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Oxbow Chase the Ace found lucky winners By Ana Bykhovskaia The Oxbow and District Recreation Board's virtual Chase the Ace reached its historical high before it went to three lucky winners on June 2. There were 20,000 tickets to sell, and Tami Scott, an active member of the recreation board, said it was a real communitybased project with a lot of participation. The enormous support that the board saw from people all across the province and especially the southeast, reinforced by an impressive jackpot, allowed the board to sell out tickets before the deck of cards was gone and two weeks before the licence expired. It meant that almost a week before the final draw date, the jackpot was sitting at its historical high of $60,006. "We certainly didn't expect the rush that there was and it was exciting. It was very busy, but it was exciting. People started purchasing immediately after the second last draw," Scott said.
With 19 cards left in the deck, the last batch of 2,336 tickets was sold in 18 hours, bringing the weekly pot to $4,672. It was won by Allan Coffey on the draw day. Since the Ace of Spades and an impressive jackpot coming with it had to go, the game continued. On the eighth try, the lucky ticket with the names of Oxbow's Ken Hood, Mae Durante and Sam Dickson on it was drawn. Hood, one of the winners, explained that Dickson has a superstition about the number eight, which helped them win the game. "The number eight is lucky in Chinese. We were the eighth person to pick a card. Ken picked and he told his wife, if her name comes up, she has to pick eight. And our number comes up. And he picked eight and that's where the Ace of Spades was," Hood shared. He added that winning felt "excellent," as "money always helps no matter what, not that we couldn't live without it, but it's nice that it went local." The three individuals came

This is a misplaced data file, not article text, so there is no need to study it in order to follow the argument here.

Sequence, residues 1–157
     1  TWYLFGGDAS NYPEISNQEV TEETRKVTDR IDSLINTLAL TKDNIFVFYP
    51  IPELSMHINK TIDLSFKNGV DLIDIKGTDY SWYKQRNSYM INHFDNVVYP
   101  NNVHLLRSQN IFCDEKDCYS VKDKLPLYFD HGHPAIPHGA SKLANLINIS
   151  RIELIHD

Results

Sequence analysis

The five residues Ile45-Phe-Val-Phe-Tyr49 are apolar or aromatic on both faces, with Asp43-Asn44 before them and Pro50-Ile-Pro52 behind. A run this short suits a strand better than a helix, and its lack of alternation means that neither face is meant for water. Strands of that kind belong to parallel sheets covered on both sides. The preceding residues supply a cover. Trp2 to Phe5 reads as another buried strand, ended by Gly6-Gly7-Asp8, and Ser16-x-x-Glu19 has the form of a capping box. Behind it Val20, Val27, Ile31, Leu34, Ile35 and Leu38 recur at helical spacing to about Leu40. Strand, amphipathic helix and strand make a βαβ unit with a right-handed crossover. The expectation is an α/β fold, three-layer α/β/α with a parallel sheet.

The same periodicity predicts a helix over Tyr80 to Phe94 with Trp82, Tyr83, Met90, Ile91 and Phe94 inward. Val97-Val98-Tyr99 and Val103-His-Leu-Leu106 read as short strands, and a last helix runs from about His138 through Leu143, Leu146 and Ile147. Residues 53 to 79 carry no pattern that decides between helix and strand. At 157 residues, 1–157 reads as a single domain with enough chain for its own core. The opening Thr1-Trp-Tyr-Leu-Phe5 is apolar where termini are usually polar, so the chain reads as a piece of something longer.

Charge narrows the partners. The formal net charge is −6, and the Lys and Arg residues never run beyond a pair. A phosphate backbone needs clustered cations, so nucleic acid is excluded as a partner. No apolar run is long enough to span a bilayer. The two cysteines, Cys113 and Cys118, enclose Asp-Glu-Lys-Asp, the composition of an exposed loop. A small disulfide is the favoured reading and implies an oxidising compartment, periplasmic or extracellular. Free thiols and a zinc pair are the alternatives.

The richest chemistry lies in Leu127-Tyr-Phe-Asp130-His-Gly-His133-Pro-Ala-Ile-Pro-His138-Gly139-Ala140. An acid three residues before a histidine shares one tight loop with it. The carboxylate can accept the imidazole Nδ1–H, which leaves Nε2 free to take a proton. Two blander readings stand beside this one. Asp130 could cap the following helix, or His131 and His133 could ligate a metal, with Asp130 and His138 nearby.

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Winners of the Oxbow and District Recreation Board's virtual Chase the Ace were, from left Ken Hood, Mae Durante and Sam Dickson. Photo submitted together to buy one ticket almost by an accident. "Mae is the restaurant owner (in Oxbow). We go and have coffee and breakfast there pretty much every Friday. And the pot was getting bigger, so I told her she should buy some tickets because I didn't know if she knew about it. And then she said, 'Well, how about we go in together?' And I said, 'Well, if the two of us are going together, we have to get the luckiest person I know, Ken, in too. So he showed up and we all threw our money in together and for about a month we're buying every week and it worked out good," Hood shared. While they played together, the jackpot they won will help each one of them in a different way. "I've got a Visa I'm paying off and I'm going to side my house, which we're doing anyway but this will help pay for the siding. Mae, she is from the Philippines, and she is going to put money towards her car and she was planning to go sometime later this year to Philippines to see her mom. And Ken, he's probably going to donate quite a bit back to the town, the community. He says the older you are, you don't need as much money. We'll help out the town a bit," Hood said. Winners also thanked